Ethan feels supported by his college instructors and the network of resources provided by the industry that encouraged him to expand and reinforce the training he received in the classroom. “Instructors in the aviation department have done an excellent job of providing us as students with the education needed to achieve success for when we enter the industry. Part of this is by providing numerous scholarship opportunities through numerous providers.”

While he finishes his studies, Ethan is working in a flex position with the Geisinger Life Flight maintenance team. He plans to get his inspection authorization once eligible and, eventually, to pursue his dream of becoming a pilot.

When asked his advice to those looking to enter the industry, Ethan says, “Work hard, set stepping stones and goals for yourself, and always be hungry to learn more!”

Read More: HFI Scholarships Make Dreams Come True
August 30, 2019

As a child, Sayaka Pereira would spend hours staring at the sky, observing the clouds and dreaming about flying. Once she was old enough to decide on a career path, she knew she wanted to study aviation. Her goal was to become a helicopter pilot.

Pereira moved to California and started her training. Initially, it was slow going as she struggled to pay for lessons. She didn’t let her slow start deter her: “No matter how long it takes, no matter what others may say, never give up your dream!”

Pereira is currently pursuing both her commercial and instrument ratings. To help her complete her training more efficiently, she applied for and won a 2019 Commercial Helicopter Pilot Rating Scholarship offered by Helicopter Foundation International (HFI).

Before getting her private rating, Pereira wasn’t aware of all the opportunities that existed in our industry for financial aid, as well as the robust network available to her through aviation clubs, nonprofit organizations, and online forums. “I didn’t know there were some really supportive aviation communities out there! Compared to other countries, the United States actually offers some of the best and most cost-efficient aviation training programs. However, it is still a very difficult process to become a pilot—­physically, financially, and emotionally.” Building a strong network of mentors was critical to her success.

Read More: "Don't Let Anything Get in Your Way"
May 20, 2019

Helicopter Foundation International (HFI) scholarship winner Cory Oestreich’s desire to be in aviation started at a young age. Fascinated by the television show M*A*S*H, he loved to watch the helicopters.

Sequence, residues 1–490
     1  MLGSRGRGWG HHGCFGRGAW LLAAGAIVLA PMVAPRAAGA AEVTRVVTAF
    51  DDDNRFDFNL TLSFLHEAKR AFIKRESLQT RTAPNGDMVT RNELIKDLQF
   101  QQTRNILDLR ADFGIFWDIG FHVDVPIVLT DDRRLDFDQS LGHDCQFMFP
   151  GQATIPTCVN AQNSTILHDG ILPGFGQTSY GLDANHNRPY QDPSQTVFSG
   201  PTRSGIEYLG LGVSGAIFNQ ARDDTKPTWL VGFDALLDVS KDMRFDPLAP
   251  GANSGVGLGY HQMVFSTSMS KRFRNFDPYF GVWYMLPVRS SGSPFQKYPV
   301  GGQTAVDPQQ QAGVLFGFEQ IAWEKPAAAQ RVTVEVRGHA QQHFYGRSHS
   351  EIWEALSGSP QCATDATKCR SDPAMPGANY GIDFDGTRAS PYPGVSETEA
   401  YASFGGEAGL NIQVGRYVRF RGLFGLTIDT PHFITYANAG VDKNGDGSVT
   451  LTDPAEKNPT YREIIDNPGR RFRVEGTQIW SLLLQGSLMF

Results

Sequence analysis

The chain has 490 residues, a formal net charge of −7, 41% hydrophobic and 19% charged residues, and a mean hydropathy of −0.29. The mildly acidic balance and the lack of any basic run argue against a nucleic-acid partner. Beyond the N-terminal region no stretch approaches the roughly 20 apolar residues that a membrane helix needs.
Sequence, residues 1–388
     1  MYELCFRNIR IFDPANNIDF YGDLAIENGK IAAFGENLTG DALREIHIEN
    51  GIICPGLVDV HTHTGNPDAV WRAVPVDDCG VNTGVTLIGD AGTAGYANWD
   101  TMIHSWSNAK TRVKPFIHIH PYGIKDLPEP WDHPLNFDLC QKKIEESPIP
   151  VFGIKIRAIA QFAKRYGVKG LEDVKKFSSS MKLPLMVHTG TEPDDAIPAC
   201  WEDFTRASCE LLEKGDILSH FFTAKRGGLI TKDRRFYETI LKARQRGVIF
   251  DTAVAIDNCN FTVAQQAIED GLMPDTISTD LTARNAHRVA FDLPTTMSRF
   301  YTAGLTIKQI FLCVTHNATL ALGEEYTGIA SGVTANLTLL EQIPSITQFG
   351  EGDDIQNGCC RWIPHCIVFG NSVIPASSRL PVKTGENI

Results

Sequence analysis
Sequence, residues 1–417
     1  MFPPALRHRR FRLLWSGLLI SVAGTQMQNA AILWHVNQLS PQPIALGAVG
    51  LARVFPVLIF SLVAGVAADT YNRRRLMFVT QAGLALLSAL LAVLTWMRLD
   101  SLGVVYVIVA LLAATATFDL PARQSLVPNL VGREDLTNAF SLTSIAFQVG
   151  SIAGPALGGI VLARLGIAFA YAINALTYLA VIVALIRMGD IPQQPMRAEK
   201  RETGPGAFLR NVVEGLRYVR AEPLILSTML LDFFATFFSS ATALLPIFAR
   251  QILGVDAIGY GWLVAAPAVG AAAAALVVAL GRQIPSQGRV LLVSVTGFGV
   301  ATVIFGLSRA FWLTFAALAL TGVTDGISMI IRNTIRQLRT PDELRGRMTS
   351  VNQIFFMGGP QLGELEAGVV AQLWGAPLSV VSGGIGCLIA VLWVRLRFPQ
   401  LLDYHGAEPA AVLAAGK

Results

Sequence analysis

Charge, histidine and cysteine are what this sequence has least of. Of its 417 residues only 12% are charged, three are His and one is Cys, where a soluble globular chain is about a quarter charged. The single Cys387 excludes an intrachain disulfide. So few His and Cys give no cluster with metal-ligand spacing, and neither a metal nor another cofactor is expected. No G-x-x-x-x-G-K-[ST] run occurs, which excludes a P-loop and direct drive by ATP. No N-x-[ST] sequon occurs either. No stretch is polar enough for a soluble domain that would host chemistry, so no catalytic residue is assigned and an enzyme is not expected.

As he grew older, that interest caused him to pursue a career in aviation. After Oestreich graduated high school, he attended a fixed-wing flight training program for two years at the University of Minnesota Crookston.

Realizing that his passion was for aviation maintenance, he transferred his credits to a two-year aviation maintenance technology (AMT) program at the Helena College University of Montana. He graduated in December 2017 with an Associate’s in Applied Science degree in AMT.

Oestreich participated in a couple of helicopter discovery flights and logged some flight hours with Hillsboro Aviation in Oregon. This led to a job with the US Forest Service helitack crew, Central Montana Helitack. He was a wildland firefighter as well as a helicopter crew member. Being in this position helped him make connections and build his network with a variety of helicopter companies.

Realizing the importance of continuing his training, Oestreich applied for and won the HFI Bill Sanderson AMT Scholarship. He used his scholarship to attend the Safran Arriel 2B/2B1 and 2D turboshaft engine maintenance course.

He is looking forward to continuing his training and plans to obtain his second-line maintenance qualification through Safran, as well as attend Airbus Helicopters factory training. Oestreich’s ultimate goal is to work for a helicopter air ambulance company.

When asked about his advice to those still working on their certification, he says, “Maintain an open mind first and foremost, and network whenever possible! Be willing to take less desirable jobs to eventually work your way up. Lastly, if aviation is what you want, just dive in headfirst and go for it. Don’t let anything get in your way.”

Read More: Pilot Finds True Calling in Maintenance
February 28, 2019

Growing up in Westfield Center, Ohio, HFI scholarship winner Derek Galla was fortunate enough to live next door to a pilot for Continental Express. They forged a friendship playing flight simulator games together.